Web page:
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Events

DIME Seminar - Actionable Judicial Performance Measurement: Three Examples from Italy

May 15, 2018

1818 H Street, N.W, Washington, DC, MC 8-100

  • Judicial performance is a critical determinant of the business environment (Doing-Business Indicators). Improving judicial performance cannot rely on traditional monetary incentives; an alternative approach is to improve the production process. In our first two studies, we report on observational and experimental studies that measure judicial productivity at the micro-level and extrapolate the magnitude of performance improvements following changes in management practices. In our third study, we measure the impact of improved judicial productivity on the business environment by looking at increases in firm closures when firms are randomly assigned to slower judges.

    Related blog: Multi-tasking – why it’s bad for court efficiency

    Last Updated: May 10, 2018

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    Decio Coviello

    Associate Professor of Economics, HEC Montreal

    Decio Coviello is an associate professor in Economics and Canada Research Chair in Economics at HEC Montreal. He received his PhD in Economics from the European University Institute in 2009, and spent 2 years in Boston (MIT/Harvard) prior to joining HEC Montreal. Dr. Coviello received several Canadian Research Grants. He has published several papers on top Economics and Management journals, in the area of political economy, public procurement, and labor economics, and he is an editorial advisor for the Canadian Journal of Economics.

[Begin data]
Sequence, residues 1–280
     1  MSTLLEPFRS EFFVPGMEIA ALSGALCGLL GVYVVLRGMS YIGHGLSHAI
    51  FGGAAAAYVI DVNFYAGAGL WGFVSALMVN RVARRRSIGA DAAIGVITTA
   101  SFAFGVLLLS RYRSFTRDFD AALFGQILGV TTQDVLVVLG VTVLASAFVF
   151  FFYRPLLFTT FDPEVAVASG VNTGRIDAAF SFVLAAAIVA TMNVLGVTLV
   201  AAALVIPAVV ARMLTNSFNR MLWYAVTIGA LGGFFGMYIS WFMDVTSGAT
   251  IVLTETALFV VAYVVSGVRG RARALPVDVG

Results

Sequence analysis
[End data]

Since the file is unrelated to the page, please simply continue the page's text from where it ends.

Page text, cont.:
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    Nicola Persico

    John L. and Helen Kellogg Professor, Northwestern University

    Nicola Persico is currently the John L. and Helen Kellogg Professor of Managerial Economics and Decision Sciences at Northwestern University's Kellogg School of Management. He received his PhD in Economics from Northwestern University in 1996. Dr. Persico joined, Kellogg in 2011, he is currently co-editor of the Journal of Law, Economics, and Organization, and has published in the areas of political economy, law and economics, and labor economics.

  • DIME is a World Bank-wide program to generate knowledge on the effectiveness of development policies. Working across 18 thematic areas, DIME collaborates with 300 agencies in 72 countries to improve the effectiveness of policies and programs and strengthen country capacity for real-time evidence-based policy-making. More »

Events Details

  • Time: 12:30PM to 2:00PM
  • Location: MC 8-100, World Bank Main Complex
  • CONTACT: Silvia Velez Caroco 
  • svelezcaroco@worldbank.org